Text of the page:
Hurricane Sandy wreaked terrific havoc on safe, sleepy towns that had never before known the true meaning of natural disasters. The destruction that followed can be seen readily: a new landscape along the coast has emerged, deeply gauged by scars and burns that may never heal. Picking up the pieces is never easy, but the recovery process is already in full swing. Houses can be rebuilt, communities will return, the daily grind will inevitably resume. The path may be long and winding, but eventually, day by day, we will get there. However, so many questions still remain, despite optimistic forecasts projected by distant reporters. What about the lives that were demolished along with all of those homes, those safe havens for so many years? What about the dreams washed away with so many sticks of furniture, reduced to unsalvageable trash even worse than average pollution? Not everything can be repaired.
Losing electricity for a week, my household was among the lucky ones. Everything is back to some semblance of normalcy; I have a warm, bright home again, full of fresh food and easy access to more. There was absolutely no flooding in the basement, even with our typically permeable foundation. Most of all, I still have my family.
Suddenly, after the worst seemed to be over, we were dealt one final blow. It was a delayed reaction, but a very close friend of mine now has slipped away, another victim of Sandy not to be tallied in the body count, but in the hearts of hundreds. Health in a Hurry, my place of work and second home for over seven years, is gone. We are closed for business.
The food business is a tough place, harsh and hostile to newcomers. After surviving through some precarious times before, it was a lurking fear that our cozy cafe may still be in danger; when the hurricane winds came, they finally blew out the lights.
Health in a Hurry changed me, as a cook and as a person. Walking in there at 16, I didn’t know a single thing about real food prep; the most I could muster were tofu pups skewered and grilled over an open gas stove. The real value of those countless hours invested into thousands of meals were not numbers on a paycheck, but wisdom gleaned from my boss, mentor, and best friend, Sue. She continues to inspire me, taking this turn of fate as an opportunity for a new start, on to bigger and better things. I’m still trying to learn from her example, even if it won’t be in the kitchen from now on.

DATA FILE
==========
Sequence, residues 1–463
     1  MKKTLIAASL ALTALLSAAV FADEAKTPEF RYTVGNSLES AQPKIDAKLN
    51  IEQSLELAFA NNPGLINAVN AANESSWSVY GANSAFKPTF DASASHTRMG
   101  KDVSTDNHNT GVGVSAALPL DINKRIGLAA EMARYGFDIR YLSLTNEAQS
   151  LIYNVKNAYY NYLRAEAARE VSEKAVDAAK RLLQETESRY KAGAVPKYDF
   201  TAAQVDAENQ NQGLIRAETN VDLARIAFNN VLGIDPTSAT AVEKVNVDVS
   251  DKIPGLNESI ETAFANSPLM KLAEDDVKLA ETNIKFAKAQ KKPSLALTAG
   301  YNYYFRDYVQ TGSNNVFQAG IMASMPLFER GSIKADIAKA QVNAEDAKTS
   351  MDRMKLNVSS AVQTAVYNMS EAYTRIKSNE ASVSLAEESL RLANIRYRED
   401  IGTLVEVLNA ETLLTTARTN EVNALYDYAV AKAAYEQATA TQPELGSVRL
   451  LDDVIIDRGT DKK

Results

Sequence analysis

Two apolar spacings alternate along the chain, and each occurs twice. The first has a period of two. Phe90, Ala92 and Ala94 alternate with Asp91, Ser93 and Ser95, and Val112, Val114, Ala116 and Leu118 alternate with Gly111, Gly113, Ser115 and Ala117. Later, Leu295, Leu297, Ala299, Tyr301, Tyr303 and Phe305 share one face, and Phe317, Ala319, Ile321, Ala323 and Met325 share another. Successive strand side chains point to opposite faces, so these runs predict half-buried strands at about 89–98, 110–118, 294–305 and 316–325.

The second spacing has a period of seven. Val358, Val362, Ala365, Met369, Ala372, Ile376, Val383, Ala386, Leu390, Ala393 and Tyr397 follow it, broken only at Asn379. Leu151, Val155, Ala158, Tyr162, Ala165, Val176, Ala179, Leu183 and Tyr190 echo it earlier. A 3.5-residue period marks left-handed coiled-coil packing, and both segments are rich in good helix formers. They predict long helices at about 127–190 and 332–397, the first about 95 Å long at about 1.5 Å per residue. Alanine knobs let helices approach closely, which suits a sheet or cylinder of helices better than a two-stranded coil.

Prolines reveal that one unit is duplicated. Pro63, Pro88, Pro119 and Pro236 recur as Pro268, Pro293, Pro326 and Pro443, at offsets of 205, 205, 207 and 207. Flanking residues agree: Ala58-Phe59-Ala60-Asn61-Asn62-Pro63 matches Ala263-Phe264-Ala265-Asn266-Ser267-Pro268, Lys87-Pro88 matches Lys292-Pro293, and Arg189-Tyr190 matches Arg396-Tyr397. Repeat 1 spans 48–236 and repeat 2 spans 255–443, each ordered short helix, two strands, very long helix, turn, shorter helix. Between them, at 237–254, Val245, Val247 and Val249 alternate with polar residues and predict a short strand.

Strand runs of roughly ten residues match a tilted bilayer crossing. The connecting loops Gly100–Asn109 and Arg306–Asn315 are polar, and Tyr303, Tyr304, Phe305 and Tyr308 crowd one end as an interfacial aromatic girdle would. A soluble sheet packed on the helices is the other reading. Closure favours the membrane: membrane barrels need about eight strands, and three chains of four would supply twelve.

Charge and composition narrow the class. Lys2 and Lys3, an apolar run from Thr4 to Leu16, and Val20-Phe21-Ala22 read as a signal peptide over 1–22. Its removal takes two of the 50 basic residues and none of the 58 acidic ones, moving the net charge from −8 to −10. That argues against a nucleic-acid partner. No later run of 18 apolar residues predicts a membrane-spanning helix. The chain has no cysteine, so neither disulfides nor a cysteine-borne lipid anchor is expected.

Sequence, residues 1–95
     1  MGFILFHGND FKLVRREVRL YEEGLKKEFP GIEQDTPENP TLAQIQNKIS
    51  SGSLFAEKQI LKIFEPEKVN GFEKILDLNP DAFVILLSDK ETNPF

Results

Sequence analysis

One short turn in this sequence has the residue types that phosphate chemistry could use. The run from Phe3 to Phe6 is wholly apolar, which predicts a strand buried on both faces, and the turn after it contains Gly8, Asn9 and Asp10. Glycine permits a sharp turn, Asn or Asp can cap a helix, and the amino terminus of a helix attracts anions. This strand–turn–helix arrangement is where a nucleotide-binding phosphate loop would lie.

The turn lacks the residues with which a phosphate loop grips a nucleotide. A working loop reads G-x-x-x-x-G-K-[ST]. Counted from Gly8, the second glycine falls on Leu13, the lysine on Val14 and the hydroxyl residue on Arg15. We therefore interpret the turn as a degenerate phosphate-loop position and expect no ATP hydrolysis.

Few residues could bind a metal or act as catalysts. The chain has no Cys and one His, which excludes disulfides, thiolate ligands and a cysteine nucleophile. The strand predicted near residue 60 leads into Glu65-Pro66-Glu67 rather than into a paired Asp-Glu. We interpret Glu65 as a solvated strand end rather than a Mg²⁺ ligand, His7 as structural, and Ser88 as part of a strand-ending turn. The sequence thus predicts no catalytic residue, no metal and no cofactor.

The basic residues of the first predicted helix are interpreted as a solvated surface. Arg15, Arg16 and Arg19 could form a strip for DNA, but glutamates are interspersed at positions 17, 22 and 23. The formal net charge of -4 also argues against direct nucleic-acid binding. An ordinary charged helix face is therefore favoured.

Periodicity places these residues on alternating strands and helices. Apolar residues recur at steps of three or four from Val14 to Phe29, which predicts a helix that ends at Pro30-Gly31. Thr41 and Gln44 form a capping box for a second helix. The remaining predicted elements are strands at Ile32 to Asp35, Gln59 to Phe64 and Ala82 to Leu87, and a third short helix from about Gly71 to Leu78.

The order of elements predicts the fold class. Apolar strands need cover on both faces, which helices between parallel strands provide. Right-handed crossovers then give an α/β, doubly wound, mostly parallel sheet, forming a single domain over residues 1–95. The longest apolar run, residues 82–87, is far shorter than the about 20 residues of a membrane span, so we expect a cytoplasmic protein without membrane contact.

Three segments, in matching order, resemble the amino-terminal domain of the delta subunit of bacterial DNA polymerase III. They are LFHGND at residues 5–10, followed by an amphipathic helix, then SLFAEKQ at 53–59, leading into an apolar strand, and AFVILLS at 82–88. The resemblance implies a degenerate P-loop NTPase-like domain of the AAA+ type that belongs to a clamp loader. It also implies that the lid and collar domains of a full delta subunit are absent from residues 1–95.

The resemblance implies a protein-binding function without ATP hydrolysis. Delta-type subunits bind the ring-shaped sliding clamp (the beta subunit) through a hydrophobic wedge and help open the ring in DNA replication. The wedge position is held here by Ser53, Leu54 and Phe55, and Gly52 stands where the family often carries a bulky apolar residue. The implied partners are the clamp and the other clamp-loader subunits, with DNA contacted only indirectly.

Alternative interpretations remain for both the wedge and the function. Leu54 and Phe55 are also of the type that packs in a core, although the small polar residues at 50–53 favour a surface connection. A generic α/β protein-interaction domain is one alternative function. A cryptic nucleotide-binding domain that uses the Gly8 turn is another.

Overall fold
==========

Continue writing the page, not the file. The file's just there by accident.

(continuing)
Sandy can wipe buildings off the face of the map, but she can’t even take away our memories. From the good times and the bad, I will never forget a moment of it. From the time I lost my grip and spilled miso soup all over the interior of a fully stocked fridge to the torture of rolling raw collard wraps well into the wee hours of the night, I have learned both patience and humility. Just as many times, hysterical laughter could be heard from across the tiny parking lot, as we fumbled and found humor in our silly errors. I will never, ever be unable to picture the exact moment when Sue, searching for her missing eyeglasses, curiously realized that they were in fact inside the oven, baking at full blast. I will proudly recall my very first wedding cake, the incredible stress that it created and the impossible success that resulted. I will miss dearly our Thanksgiving catering marathons with all hands on deck, dancing and thrashing about the miniscule kitchen as everyone churned out vast feasts for so many tables. The scent of sage and onions still lingers if I think back hard enough.
Health in a Hurry will always be a part of me, an indelible mark that will never wash away, no matter what sinister outside forces conspire against us. Saying goodbye to such a dear friend is the last thing I ever wanted to do, and so, I won’t. I’m still taking it with me in my heart.